RECOMMENDATION: Boards should work with legal counsel to adopt emergency rules that make sense for their associations. Then, be ready to adjust them as health department directives and CDC recommendations change.


Golf Course. We have a private golf course in our gated community. Can we use it if we maintain social distancing? We need the exercise. -Marty R.

RESPONSE: I understand that when faced with being sequestered with their wives or risk contracting the coronavirus, golfers play golf.

Whether an association can open its golf course depends on the county it's in. Some counties have ordered the closure of all golf courses. Here is an example:
All golf courses in the County of ****, whether public or private, and their ancillary use areas, which include but are not limited to parking areas, clubhouses, driving ranges, practice putting greens, and food and beverage service areas, are hereby closed effective immediately and shall remain closed until June 19, 2020, pending further Order of the Public Health Officer.
As discussed above, this is an order aimed at all organizations, including homeowner associations. As a result, boards have no discretion in the matter, they must close their golf courses. Once the order is lifted, boards will then have the discretion to open them or keep them closed. I suspect most will immediately open them.

QUESTION: We have residents complaining because our pools are still closed. Do you know when they will allow us to use them? -Erica H.

RESPONSE: As the state loosens restrictions, we will report them. For example, this Monday Riverside County reopened its golf courses. See news article.
Boards will need to pay attention to constantly-changing health directives. Those directives will be at three levels: state, county and city, and they are not always consistent. The most restrictive ones will generally apply. A county might lift restrictions on golf courses, but a city in that county might keep restrictions in place.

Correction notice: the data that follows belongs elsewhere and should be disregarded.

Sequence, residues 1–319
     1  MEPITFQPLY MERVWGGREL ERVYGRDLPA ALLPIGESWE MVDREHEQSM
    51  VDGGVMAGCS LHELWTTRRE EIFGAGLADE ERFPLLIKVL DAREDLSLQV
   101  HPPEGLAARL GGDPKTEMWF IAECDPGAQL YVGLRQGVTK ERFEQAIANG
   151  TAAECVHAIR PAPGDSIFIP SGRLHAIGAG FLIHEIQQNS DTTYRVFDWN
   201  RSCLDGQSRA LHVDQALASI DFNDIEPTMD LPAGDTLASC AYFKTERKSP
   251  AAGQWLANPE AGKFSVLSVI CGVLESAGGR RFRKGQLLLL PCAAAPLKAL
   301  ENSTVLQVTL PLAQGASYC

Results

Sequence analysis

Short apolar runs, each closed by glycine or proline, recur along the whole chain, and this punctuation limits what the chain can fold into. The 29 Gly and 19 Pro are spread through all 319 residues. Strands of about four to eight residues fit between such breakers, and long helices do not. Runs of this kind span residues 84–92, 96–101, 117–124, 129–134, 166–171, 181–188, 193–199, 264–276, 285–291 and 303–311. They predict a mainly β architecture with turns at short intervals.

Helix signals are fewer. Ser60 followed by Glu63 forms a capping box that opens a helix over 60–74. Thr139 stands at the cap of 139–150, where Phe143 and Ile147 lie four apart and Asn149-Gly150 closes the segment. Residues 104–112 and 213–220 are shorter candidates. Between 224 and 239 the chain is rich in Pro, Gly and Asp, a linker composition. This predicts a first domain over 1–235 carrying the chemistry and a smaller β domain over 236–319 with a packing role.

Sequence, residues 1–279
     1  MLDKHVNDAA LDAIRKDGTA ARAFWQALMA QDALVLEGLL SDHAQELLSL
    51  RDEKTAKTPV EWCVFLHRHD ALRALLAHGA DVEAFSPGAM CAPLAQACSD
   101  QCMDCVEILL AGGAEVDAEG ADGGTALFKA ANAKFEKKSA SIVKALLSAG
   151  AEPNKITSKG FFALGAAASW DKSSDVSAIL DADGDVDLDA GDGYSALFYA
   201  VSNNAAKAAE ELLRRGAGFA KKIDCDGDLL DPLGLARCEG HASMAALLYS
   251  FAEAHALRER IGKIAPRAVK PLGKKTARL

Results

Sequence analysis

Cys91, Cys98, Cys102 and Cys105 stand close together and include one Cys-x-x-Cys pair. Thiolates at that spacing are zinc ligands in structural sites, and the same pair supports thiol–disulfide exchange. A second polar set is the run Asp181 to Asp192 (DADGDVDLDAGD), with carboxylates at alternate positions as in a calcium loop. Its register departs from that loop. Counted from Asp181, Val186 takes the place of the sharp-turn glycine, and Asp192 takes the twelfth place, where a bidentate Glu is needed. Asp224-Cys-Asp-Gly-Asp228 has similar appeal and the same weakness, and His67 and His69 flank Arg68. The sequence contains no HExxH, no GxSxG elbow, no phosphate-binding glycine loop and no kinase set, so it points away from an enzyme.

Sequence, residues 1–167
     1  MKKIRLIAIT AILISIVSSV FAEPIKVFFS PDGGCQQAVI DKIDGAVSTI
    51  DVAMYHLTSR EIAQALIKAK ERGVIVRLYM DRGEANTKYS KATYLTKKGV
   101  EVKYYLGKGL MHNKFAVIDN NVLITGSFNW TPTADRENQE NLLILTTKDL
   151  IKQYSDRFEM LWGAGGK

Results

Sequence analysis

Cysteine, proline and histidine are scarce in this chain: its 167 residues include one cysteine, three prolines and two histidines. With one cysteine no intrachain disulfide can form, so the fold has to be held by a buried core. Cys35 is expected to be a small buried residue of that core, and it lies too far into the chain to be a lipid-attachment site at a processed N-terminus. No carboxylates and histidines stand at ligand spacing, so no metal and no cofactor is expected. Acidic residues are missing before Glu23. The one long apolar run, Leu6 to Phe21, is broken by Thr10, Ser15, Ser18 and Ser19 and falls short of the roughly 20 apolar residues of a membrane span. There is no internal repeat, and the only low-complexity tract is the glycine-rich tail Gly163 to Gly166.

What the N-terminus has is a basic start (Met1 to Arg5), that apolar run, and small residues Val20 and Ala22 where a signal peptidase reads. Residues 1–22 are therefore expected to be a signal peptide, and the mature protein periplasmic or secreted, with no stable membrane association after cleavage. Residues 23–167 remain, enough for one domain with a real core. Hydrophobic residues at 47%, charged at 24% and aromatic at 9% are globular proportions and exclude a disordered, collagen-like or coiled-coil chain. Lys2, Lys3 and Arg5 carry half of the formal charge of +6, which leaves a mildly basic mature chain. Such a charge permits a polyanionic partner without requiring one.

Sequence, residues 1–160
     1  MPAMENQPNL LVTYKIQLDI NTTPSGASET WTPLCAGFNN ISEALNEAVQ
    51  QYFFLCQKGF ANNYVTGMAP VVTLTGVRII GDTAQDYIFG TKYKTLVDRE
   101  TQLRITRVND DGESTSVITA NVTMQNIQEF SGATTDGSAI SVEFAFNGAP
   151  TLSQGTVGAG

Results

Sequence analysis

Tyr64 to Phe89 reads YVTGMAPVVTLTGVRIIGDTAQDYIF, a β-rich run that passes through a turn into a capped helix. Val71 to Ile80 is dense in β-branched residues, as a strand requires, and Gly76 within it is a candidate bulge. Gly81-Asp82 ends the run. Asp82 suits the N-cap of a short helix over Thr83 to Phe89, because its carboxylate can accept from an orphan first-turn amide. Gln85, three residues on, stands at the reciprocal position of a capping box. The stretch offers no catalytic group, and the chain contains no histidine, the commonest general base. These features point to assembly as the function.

Currently, the Davis-Stirling Act requires a physical location where members can gather whenever the board holds virtual meetings. (Civ. Code §4090(b).) With stay-at-home orders in place, all board meetings in the state are being held by teleconference without designating a physical location. As such, all meetings are technically in violation of the statute.  

CLRC Memo. California's Law Revision Commission (CLRC) recognizes the problem and will consider a solution at its May 21, 2020 meeting. In an April 6, 2020 Memorandum, the Executive Director of the CLRC, Brian Hebert, noted that Governor Newsom issued executive orders that allow state and local government bodies to conduct public meetings entirely by teleconference, without a physical location for public attendance. Mr. Hebert believes it makes sense to allow common interest developments to use a similar approach whenever a pandemic emergency is declared.

Expanded Exception. After reading his memo, I contacted Mr. Hebert and suggested the CLRC expand the exception to include any natural disaster, such as wild fires and earthquakes. Over the past few years, huge wildfires have destroyed entire CID communities, scattering members to the four winds. Under those conditions, it is impossible for members to assemble in one location to monitor board meetings. Changing the statute to allow for all emergencies, not just pandemics, would provide needed relief.

Encouraging. Mr. Hebert said he would raise it with the Commission. CAI's California Legislative Action Committee (CLAC) will be working with the CLRC on this issue. It should be noted that the CLRC did an outstanding job when it undertook the very difficult task of rewriting the Davis-Stirling Act which went into effect January 1, 2014.


Very informative newsletter. -Paul Y.

Thanks for your awesome newsletter. -Randy W.

Thank you so much for these newsletters and answering my question about masks. You are a beacon in this storm. I'm working, of course. You can only imagine the craziness here and with the owners. -Helene S.

Thank you for continuing to update us during this crisis. -Lee D.

Thank you for your all your pro bono counsel on the tangled web of CC&R law. Your perspective is my saving grace. -Dino D.

Boards can contact us for friendly,
professional advice.

Adrian J. Adams, Esq.
Founder & Managing Partner
DISCLAIMER. Our newsletter provides commentary based on sketchy information we receive from readers. From time to time, we add a little humor. Some find it amusing. Others are appalled. Some readers are excited when they score free legal advice. Not so. Our newsletter provides commentary only, not legal advice. You need to pay real money for an attorney to review all the facts and give you a legal opinion. We do that too, but you have to actually hire us. It's okay, we're friendly. You can call us. Keep in mind we are corporate counsel to associations only.